Cockroach Sushi: In Japan, cockroach sushi is a delicacy and served to customers who do not mind trying them. Large hissing cockroaches found in the tropics are used to prepare this dish whose taste and texture is that of greasy chicken!
Weaver ant’s eggs: are used as a tasty dip or topping for salad and tortilla chips in Thailand. However, they can only be collected one month out of the year, which is a very tedious and painful process. Weaver ants’ eggs are squishy and must be fully cooked before being enjoyed.
Centipede or millipede on a stick: Generally centipedes are preferred and tastier when compared to millipedes, but millipedes are the usual street food in China. Centipedes however have pincers and bite but once the head is removed they’re ready for cooking. Centipedes are insect eaters, while Millipedes are vegetarians and this reflects slightly in their flavours, which is rather bland like a dry spaghetti noodle.
Water bug noodle soup: Water bugs are actually quite popular in Thai cuisine, often consumed whole, steamed or fried. They are also frequently used as extracts for various sauces. In Taiwan they’re very popular with u-don noodles (Japanese wheat noodles). Supposedly they taste like clam (shellfish)-flavoured potatoes.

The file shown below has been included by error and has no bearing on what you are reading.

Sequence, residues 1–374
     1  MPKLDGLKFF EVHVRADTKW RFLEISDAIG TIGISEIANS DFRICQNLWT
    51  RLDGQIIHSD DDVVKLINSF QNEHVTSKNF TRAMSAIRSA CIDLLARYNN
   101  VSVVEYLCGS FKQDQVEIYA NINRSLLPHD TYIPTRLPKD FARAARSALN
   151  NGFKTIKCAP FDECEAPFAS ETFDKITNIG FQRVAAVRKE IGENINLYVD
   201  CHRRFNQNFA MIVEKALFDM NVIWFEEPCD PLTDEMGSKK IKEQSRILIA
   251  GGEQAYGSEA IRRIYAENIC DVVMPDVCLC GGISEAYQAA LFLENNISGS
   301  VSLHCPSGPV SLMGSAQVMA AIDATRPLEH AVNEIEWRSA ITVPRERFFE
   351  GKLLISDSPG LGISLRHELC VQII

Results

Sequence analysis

Tofu Grasshoppers: are a delicacy in Japan, Uganda and Mexico. Solid coloured grasshoppers like black, green and brown are edible and their taste is a cross between chicken, shrimp, and croutons.
Mosquito eggs & tortillas: In Mexico mosquito eggs are dried, roasted and then wrapped in tortillas and served with a squeeze of lemon. Mosquito eggs are about one-sixteenth of an inch long and they’re priced like good caviar (fish eggs) at $50 for a small bottle.
Sources: blog.yummly.com, prepperdome.com, guinan.dailypix.me, smarttravellers.wordpress.com, blogpestcontrol.com, likes.com